Settling in

We’ve been in Nice for a week and a half. Administrative matters have taken up much of our time, but we had a lovely visit from daughter Francesca and her partner Paul and have made time to meet up with old friends.

First and foremost, we like our apartment. We dispensed with Airbnb and its unreliable collection of options and chose from a catalog of homes from a local firm that upholds a certain standard of quality. We have wooden floors, comfortable beds, modern fixtures and enough space to not feel confined. It’s also quiet, as its main rooms look out over an inside garden.

Nice France avenue des fleurs apartment garden view 2018

For those who are contemplating a visit, the spare bedroom looks out onto the street, but I believe it is quiet at night. During the day, there is a lovely view of some splendid Niçois buildings

Nice France avenue des fleurs apartment 2018

The matters we’ve attended to are numerous. For example, we cannot receive mail at this holiday rental address, so, taking a friend’s advice, we set up mail forwarding with La Poste. That took three trips and an online registration. But the postal staff were extremely helpful.

We opened up a French bank account. This is really important because when we obtain our Carte Vitale health care account, you need the bank account for the reimbursements to be made. For anything you sign up for that requires regular payments, like utilities, you need the bank account. To rent an apartment that is not a holiday rental, the same. Setting up the account took three visits, and we’re still waiting for our IBAN number.

We heard that we needed to advise the French government on our change of address from Rennes to Nice, so we went to the Prèfecture to do so, arriving on the bus at 8am to get in line and then waiting until our turn at 11am, to learn this step was not necessary and to be turned away.

We have ordered some essential items lacking in the apartment, like a coat rack (storage is at a minimum, as French people live with less stuff than Americans).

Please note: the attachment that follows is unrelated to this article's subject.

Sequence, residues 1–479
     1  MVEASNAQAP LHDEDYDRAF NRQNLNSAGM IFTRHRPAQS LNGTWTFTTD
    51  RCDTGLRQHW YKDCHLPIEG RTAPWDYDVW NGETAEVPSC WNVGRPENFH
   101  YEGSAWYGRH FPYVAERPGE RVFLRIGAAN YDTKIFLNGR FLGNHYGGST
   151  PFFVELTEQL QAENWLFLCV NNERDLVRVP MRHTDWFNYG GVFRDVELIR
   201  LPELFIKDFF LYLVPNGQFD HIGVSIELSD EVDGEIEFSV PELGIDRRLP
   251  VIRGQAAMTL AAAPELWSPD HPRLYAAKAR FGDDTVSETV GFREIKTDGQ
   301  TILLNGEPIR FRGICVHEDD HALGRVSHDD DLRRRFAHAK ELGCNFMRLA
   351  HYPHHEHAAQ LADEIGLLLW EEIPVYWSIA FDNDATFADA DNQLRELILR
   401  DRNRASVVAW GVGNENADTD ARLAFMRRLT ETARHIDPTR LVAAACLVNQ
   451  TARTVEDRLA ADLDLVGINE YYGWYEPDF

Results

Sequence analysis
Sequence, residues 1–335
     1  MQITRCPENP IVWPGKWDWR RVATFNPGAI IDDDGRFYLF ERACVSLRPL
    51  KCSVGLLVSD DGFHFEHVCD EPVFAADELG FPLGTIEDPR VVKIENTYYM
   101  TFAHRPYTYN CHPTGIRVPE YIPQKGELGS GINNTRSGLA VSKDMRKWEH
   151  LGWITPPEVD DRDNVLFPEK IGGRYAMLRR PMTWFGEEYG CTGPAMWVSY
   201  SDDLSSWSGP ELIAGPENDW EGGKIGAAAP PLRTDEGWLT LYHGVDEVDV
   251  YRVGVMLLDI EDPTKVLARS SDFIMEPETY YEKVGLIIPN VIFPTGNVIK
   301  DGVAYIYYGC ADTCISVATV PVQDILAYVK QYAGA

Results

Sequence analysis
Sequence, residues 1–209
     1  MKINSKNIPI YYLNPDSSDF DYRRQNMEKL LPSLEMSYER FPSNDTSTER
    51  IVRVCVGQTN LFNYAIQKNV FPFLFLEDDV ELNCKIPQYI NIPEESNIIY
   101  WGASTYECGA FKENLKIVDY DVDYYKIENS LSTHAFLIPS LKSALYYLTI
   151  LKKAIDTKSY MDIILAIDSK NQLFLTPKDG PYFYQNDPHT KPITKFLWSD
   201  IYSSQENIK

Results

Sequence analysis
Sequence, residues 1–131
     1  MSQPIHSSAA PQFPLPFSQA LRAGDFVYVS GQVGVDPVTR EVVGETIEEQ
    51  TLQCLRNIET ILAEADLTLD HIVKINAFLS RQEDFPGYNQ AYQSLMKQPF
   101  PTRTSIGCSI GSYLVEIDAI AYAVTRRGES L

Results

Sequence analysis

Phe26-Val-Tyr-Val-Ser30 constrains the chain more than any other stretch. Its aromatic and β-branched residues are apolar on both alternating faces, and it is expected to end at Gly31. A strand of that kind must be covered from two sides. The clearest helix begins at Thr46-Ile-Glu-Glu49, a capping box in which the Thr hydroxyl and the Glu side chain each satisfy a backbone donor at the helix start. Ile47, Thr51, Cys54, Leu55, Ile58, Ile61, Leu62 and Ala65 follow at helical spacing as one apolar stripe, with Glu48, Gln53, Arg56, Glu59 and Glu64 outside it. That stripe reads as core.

We’ve visited doctors. The way the system works is that some doctors take appointments, others don’t. Some take appointments on some days, and not on others. In the case of the latter scenario, you show up and wait your turn. All standard visits are 25 euro. Of course, if you have a Carte Vitale, you are reimbursed 75 percent or more. Prescriptions are far less expensive than in the US. Many doctors speak English.

I have signed up at the Nice Cinémathèque! Filmmaker Claire Denis is coming to speak and show a film and I cannot wait.

Today we are off to do some more fun errands. Stay tuned.

About kmazz

I spend as much time as possible pursuing my interests in global culture, photography, arts and politics.
This entry was posted in expat, expat life, France, Nice, France. Bookmark the permalink.

4 Responses to Settling in

  1. Francesca says:

    Good update mom ❤️

    Sent from my iPhone so please excuse the brevity


  2. Great going, you two! Looks like you’re well on your way in Paradise. And thanks for all the helpful information! CHEERS!!!!!

  3. binx says:

    I’m staying tuned, Kathleen. So great to get this running account of your life in France, not to mention the photos.

    I’m wondering if you’ve been following the NYRB saga. A zillion readers wrote to the editors complaining about Ghomeshi and Baruma’s choice to publish the essay. Curiously, the editorial staff says that Baruma was not forced to resign because of the essay. But there’s no explanation forthcoming (yet) about the reason. In fact, there is much opacity. Meanwhile, a multitude of contributors have signed a letter saying that Baruma should not have been forced to resign given that he and the NYRB believe in the free expression of ideas. My question about this thinking would be that whatever Ghomeshi’s essay was about, it was not about ideas.

    Sent from Mail for Windows 10

  4. Cynthia Pagni says:

    I’m so happy for you and dad! The up front work on the admin will be over and then it’s enjoy and explore!

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